Kilauea Volcano, Hawaii - Photo courtesy of USGS
Kilauea Volcano, Hawaii - Photo courtesy of USGS

HAWAI`I ISLAND, Hawaii — In 2012, the U.S. Geological Survey’s Hawaiian Volcano Observatory celebrates its 100th anniversary of studying the volcanoes’ workings and disseminating cutting-edge volcano science throughout the world. Many public events are planned to celebrate the centennial of HVO, the first volcano observatory in the United States.

Located on the rim of Kīlauea Volcano’s summit caldera within Hawai‘i Volcanoes National Park, HVO monitors the seismic and volcanic activity of six Hawaiian volcanoes including Kīlauea and Mauna Loa, two of the most active volcanoes in the world. Kīlauea has erupted 48 times on HVO’s watch, with a nearly continuous flank eruption since 1983, and an ongoing summit eruption since 2008.  Mauna Loa, the largest volcano on Earth, has erupted 12 times in the same period, most recently in 1984, when lava flowed to within about 4 miles of the Hilo city limits.

“Volcanic activity and its associated earthquakes are responsible for Hawaii’s fertile soil, rainfall, isolated habitat for unique species, breathtaking natural beauty, but also, unfortunately, its geologic hazards,” said USGS director Marcia McNutt. “The activities planned during HVO’s Centennial are an engaging and stimulating way for residents and visitors alike to learn more about the fascinating processes that have formed and continue to shape these enormous volcanic features, and how to live safely in the vicinity of such powerful geologic forces.”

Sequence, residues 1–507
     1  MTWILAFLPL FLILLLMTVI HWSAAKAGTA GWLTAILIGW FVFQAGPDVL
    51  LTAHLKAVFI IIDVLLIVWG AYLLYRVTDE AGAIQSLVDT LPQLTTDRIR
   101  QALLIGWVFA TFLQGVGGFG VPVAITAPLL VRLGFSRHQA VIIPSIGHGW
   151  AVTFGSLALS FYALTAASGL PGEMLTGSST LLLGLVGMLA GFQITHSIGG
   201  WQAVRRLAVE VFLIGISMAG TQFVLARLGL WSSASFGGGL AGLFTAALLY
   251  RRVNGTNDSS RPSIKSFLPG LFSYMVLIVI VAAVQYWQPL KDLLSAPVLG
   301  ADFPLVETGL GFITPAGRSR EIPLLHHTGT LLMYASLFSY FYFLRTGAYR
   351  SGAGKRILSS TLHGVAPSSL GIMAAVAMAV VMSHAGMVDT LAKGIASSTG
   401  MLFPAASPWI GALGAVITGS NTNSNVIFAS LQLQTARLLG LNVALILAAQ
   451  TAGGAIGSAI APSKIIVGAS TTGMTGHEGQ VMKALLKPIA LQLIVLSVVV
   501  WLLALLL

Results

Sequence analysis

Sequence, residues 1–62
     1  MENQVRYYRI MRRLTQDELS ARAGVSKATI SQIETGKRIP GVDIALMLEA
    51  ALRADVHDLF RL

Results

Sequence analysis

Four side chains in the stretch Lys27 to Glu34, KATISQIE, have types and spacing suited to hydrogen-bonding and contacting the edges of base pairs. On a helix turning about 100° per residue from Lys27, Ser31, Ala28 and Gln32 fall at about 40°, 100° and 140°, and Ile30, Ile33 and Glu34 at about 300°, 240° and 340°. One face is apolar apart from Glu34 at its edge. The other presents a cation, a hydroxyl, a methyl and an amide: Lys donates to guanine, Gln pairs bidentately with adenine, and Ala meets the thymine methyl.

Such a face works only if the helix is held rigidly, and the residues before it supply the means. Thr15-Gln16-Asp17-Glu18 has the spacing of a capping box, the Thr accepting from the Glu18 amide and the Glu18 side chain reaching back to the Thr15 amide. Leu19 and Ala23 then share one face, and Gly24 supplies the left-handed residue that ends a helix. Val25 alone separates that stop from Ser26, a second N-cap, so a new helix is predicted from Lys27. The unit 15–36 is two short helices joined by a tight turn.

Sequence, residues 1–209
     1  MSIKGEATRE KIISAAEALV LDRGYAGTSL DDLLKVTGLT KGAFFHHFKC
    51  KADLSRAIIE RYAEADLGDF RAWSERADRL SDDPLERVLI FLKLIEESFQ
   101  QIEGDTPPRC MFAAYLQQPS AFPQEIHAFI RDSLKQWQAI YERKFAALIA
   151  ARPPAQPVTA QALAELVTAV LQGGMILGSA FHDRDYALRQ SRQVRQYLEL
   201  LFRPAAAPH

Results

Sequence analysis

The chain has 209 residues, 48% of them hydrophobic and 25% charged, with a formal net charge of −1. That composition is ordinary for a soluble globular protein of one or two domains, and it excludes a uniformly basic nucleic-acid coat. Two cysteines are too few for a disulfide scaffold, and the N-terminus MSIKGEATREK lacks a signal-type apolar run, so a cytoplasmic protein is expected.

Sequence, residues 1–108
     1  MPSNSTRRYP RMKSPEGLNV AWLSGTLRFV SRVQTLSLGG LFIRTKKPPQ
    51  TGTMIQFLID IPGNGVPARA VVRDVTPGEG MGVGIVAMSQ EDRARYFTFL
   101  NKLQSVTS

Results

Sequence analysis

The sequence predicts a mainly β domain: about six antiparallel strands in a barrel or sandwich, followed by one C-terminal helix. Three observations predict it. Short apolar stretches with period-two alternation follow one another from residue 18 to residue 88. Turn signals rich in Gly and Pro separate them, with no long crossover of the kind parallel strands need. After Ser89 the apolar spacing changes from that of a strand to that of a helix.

HVO’s timely and effective warnings help protect the public from these volcanic and seismic hazards – a key mission since the start of the Observatory’s work with the collaboration of Massachusetts Institute of Technology geologist Thomas A. Jaggar and pioneer volcanologist Frank Perret.

For a century, HVO has also been an international leader in volcanological studies and a magnet for researchers from around the globe. Among other breakthroughs, HVO scientists confirmed that earthquakes and volcanic tremors are closely related to volcanic activity. They installed the first seismic network in the USGS, and they determined the composition of volcanic gases and their role in driving eruptions.  They also pioneered the measurement and study of small changes in a volcano’s shape to get information about movements of vast quantities of magma within.

Centennial events include a Jan. 21 open house, for which admission to the national park will be waived; a year of talks and lectures throughout the Island of Hawai‘i and a vividly illustrated new general-interest publication that details HVO’s history and accomplishments. To learn more about HVO and the centennial events, go to

Submitted by USGS